Assa Abloy, makers of the world famous Yale lock, among other door security items, is urging landlords and building managers to take a more proactive role towards fire door inspections, in support of the draft Building Safety Bill.

Dame Judith Hackitt’s 2018 Independent Review of Building Regulations & Fire Safety, which led to the draft Building Safety Bill, recommends placing more responsibility onto persons tasked with monitoring a building’s safety.

Hackitt chairs the industry safety steering group, set-up to review building safety following recent incidents, in particular the Grenfell Tower fire. She says that the UK government is working on changes to the draft Bill before it is brought before parliament early next year.

The new Bill introduces the concept of an “Accountable Person” and a Building Safety Manager (BSM) for each residential building, with the intention of eradicating any confusion when it comes to responsibility, and ensuring direct liability for a building and its assets.

One of the roles of the BSM and “Accountable Person” will be to ensure maintenance and repairs are always up to date and up to standard.

Fire doors are one of the key safety features in any building, so regular inspections are essential to ensure health and safety measures are met in both residential and commercial properties, particularly high rise blocks.

The British Woodworking Federation recommends a 5 point check for fire door safety:

  1. Certification – check that the door is of certified manufacture which gives the correct amount of fire protection time, usually a half-hour – look for a label or plug on top (or occasionally on the side) of the door.
  2. Gaps – Check the gaps around the top and sides of the door are consistently less than 4mm when the door is closed. The gap under the door can be slightly larger (up to 8mm), but it does depend on the situation, floor covering and the door. Ideally, you should not see any light under the door.
  3. Fire Seals – make sure the intumescent seals around the door or frame are in place and intact with no signs of wear or damage, correctly positioned to expand and seal against the frame in case of fire.
  4. Hinges and handles – check all hinges are fixed properly; there should be at least three on a heavy fire door, with no missing or broken screws. The handles should be secure and working correctly without undue force required.
  5. Closing – make sure the door closes firmly onto the latch without sticking on the floor or the frame, make sure the door closer is secure and working effectively and that the door can be opened easily in an emergency.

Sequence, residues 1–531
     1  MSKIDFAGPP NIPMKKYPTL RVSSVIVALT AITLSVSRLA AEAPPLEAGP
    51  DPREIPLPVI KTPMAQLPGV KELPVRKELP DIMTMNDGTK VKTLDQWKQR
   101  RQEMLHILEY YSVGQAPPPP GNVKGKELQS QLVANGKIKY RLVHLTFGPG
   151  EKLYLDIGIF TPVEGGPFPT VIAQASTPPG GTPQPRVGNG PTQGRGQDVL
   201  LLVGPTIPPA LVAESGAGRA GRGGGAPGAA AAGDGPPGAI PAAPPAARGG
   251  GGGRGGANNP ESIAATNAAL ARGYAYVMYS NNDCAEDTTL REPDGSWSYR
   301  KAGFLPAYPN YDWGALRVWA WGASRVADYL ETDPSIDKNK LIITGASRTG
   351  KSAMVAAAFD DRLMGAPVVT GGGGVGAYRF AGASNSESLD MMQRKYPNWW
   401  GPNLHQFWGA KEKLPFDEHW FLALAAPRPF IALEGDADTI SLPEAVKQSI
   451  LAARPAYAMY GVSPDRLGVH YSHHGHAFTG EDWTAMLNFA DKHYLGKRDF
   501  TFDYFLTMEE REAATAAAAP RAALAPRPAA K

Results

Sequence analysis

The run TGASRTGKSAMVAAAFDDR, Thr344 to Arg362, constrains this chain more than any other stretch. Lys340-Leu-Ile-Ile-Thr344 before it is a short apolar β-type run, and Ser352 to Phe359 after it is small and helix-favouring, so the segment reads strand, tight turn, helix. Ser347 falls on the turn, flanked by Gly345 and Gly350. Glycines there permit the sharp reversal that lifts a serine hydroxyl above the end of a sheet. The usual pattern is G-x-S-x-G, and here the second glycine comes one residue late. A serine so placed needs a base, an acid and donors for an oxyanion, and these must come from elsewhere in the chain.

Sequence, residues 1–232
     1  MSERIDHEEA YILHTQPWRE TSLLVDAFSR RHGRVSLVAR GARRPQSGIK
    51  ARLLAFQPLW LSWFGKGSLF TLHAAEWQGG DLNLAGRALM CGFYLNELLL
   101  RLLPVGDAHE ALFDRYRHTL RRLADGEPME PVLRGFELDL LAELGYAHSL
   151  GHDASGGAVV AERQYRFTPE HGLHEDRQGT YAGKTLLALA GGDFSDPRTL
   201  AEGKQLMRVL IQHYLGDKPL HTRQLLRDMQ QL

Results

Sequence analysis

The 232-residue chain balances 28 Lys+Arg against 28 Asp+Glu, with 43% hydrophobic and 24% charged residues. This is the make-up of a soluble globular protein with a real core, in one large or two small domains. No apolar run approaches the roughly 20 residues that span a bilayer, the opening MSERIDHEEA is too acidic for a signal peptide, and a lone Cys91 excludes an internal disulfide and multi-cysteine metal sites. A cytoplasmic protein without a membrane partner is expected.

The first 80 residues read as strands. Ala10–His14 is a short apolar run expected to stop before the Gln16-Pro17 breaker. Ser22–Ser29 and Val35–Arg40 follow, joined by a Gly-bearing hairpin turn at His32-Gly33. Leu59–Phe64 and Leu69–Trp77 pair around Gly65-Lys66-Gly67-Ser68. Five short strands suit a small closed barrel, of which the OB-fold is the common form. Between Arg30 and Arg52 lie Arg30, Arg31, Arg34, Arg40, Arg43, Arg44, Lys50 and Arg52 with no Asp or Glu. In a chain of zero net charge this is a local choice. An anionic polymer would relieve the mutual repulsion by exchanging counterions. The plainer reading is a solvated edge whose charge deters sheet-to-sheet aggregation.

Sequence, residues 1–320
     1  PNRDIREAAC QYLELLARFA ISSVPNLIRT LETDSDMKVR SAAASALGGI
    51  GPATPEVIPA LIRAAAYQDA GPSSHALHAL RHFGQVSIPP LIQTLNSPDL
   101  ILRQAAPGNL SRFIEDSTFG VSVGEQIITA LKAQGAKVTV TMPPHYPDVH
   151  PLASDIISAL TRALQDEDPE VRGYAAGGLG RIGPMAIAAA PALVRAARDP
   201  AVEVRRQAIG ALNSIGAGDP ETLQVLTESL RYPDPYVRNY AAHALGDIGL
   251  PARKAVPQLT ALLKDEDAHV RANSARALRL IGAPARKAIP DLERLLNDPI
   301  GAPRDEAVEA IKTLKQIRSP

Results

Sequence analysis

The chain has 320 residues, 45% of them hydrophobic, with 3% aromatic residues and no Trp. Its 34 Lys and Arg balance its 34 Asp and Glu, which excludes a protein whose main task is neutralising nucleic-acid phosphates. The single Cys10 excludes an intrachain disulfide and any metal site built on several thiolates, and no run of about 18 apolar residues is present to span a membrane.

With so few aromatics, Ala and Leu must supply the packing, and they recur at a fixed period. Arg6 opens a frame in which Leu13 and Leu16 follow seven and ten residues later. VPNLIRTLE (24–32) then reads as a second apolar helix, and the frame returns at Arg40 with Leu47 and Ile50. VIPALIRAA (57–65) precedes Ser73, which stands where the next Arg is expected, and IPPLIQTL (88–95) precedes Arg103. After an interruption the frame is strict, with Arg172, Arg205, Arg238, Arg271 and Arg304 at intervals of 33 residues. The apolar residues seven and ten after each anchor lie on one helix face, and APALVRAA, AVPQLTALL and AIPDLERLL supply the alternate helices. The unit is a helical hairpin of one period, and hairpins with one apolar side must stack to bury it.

For those who would like the security of knowing that their fire doors have been checked and signed off by independent experts, Brian Sofley, Managing Director for Assa Abloy Door Group, says the company offers a complete building door inspection service:

“Here at Door Group, we can offer detailed reports following our inspections, containing advice and recommendations on necessary improvements. Identifying and acting on potential issues that could impact safety and product performance can be lifesaving.

“If any issues do occur, a tailored repair proposal is issued to include anything from replacement doors to a regular maintenance program. Door Group inspectors are BRE-certified and ensure that all fire doors inspected meet all necessary standards and regulations.”

In response to the ongoing challenges and needs in the industry, Assa Abloy has also continued with substantial testing and standardising of its door closers.

As a result, its door closers have demonstrated that use on metal fire doors is not restricted by the side of the door to which it is required to be installed and remains fully compliant with EN1634 on any uninsulated metal fire door.

With no caveats attached to the series, this takes away a huge risk of error in the design, manufacture and installation process. Furthermore, stringent testing has proved the EN1634 range dependable for up to 240 minutes of integrity.

ASSA ABLOY was formed in 1994 through the merger of ASSA in Sweden and Abloy in Finland. Since then ASSA ABLOY has grown from a regional company into an international group with around 47,500 employees and annual sales close to SEK 76.1 billion.


  1. We think there needs to be more fire door checks. Oh, and buy the way, we sell fire doors! Talk about self serving. My fire doors met regulations when they were installed and are fine and I don’t need the added burden of further regular certification, more costs and hassle thank you very much. If they fail it would only be down to an over-zealous application of the rules and in such an event the last company I will be buying my doors from is the people who suggested the idea in the first place.

    • I know, before you know it we’ll have Carpetright pushing for carpet inspections to ensure they meet the latest fire regs. Good grief!

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